Today I'm killing 2 bottles with 1 stone, both 2010 pinots from California, a Cupcake from around Livermore in the north and a SeaGlass from around Santa Barbara.

(The iPhone is going for fuzzy chic, as you can see; it's not your eyesight.)

Either pinots are finally growing on me towards the end of my pinot drinking season, or else I'm stumbling on some that I just like better.  I liked both of these with a slight edge to the Cupcake.

I was thinking I've had a Cupcake varietal in one of my past drinking seasons (Sauvignon blanc maybe?) and wasn't all that crazy about it.  The label describes it as very cherry with a spice edge to it.  It wasn't as cherryish as the one a few weeks ago, but this is certainly very fruity and went well with food.  The label suggests pairing it with a mushroom risotto (which seems to be the new hot food on wine labels to suggest pairing with), and I'd agree with that.

The SeaGlass also wasn't bad although I didn't like it quite as much as the Cupcake; it was more of a generic pinot.  The label claims "juicy cherry flavors ... [and] vibrant acidity".  I don't know about the acidity bit, which you don't tend to find on pinot labels, but it was certainly a nice wine.  I'll agree with their suggestion of a pairing with roast turkey.  Sounds good right now, actually.

Earthquake Petite Sirah

The last couple nights I drank a no date petite sirah from Lodi Vineyards in Grafton, CA, a suburb of Santa Barbara.  It ran me about $25 (mostly for the cut-out label and silly poem on the back, apparently; and the bottle weighs as much empty as most bottles weigh full).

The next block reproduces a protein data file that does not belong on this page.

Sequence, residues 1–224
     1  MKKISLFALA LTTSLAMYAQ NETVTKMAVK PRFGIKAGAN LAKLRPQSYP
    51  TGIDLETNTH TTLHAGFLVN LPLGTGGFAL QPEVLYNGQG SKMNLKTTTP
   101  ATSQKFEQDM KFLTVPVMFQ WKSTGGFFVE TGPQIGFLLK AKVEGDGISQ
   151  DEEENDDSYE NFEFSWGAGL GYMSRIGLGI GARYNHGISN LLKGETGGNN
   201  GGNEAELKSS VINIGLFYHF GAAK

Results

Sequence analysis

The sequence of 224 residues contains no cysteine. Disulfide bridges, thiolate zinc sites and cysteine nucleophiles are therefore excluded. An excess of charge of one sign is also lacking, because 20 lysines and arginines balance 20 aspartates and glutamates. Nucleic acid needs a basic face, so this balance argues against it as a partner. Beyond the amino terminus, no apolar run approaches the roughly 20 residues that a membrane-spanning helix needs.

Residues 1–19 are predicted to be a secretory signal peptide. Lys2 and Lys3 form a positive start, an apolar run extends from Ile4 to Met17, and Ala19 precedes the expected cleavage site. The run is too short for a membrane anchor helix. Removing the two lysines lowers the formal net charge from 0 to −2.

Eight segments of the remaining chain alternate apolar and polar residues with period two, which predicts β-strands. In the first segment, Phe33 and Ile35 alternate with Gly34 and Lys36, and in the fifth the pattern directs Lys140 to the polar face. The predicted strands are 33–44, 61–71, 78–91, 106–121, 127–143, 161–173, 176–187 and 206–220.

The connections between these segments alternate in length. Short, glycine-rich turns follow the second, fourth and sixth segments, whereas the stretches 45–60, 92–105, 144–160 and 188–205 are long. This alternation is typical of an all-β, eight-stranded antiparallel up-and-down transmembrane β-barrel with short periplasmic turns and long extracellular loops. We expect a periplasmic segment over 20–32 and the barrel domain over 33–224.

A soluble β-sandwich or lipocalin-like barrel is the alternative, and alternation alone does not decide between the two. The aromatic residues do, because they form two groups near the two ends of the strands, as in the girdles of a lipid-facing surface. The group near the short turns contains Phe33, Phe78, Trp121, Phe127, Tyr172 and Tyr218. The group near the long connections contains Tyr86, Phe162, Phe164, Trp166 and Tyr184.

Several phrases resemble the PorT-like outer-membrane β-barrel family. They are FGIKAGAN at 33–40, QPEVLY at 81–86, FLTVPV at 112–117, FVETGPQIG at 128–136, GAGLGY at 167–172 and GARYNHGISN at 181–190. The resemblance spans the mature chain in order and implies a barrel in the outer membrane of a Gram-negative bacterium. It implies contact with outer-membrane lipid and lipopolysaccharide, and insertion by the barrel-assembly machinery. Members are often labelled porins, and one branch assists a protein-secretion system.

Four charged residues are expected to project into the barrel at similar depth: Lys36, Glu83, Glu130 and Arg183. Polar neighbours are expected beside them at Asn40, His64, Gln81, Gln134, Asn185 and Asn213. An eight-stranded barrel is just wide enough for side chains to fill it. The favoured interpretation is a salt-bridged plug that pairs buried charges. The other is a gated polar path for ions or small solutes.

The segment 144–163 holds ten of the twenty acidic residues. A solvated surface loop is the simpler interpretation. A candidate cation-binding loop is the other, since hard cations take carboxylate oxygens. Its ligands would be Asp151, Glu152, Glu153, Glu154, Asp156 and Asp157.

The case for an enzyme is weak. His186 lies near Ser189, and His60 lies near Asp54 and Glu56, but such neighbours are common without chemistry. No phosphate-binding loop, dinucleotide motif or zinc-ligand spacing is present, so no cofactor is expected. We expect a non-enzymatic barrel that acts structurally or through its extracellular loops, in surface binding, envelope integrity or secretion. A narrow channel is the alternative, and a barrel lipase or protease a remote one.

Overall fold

Honestly, it was well worth the $25.  Maybe not the top petite sirah I've drunk this winter, but deep and rich with a note I couldn't quite put my taste buds on -- smokey maybe?  It was like drinking a fine balsamic vinegar.

As I was drinking it I was thinking this would go great with a London broil.  Nice wine; poem kind of lame.

2008 Rothschild Pinot Noir

The last couple nights I drank a 2008 Baron Philippe de Rothschild pinot noir from France's Pays d'Oc that ran me in the low teens.

I wanted to like it, but in general my reaction was meh.  The first sip or two right out of the bottle (aerated) tended towards the vinegar end of the scale.  After a few minutes it opened up and more sweetness came into the mix.  It wasn't bad with food.

The label claims notes of morello cherry (I don't know what those taste like), blackcurrant (sort of, dried ones), and violets (I've had violet liqueur), but in general this struck me as a pretty generic pinot noir.

On the second night I liked it less than the first and didn't finish the bottle.  I may have gotten stuck with a lemon bottle, but in general I'd recommend other pinots for the price.

Waterford, Part I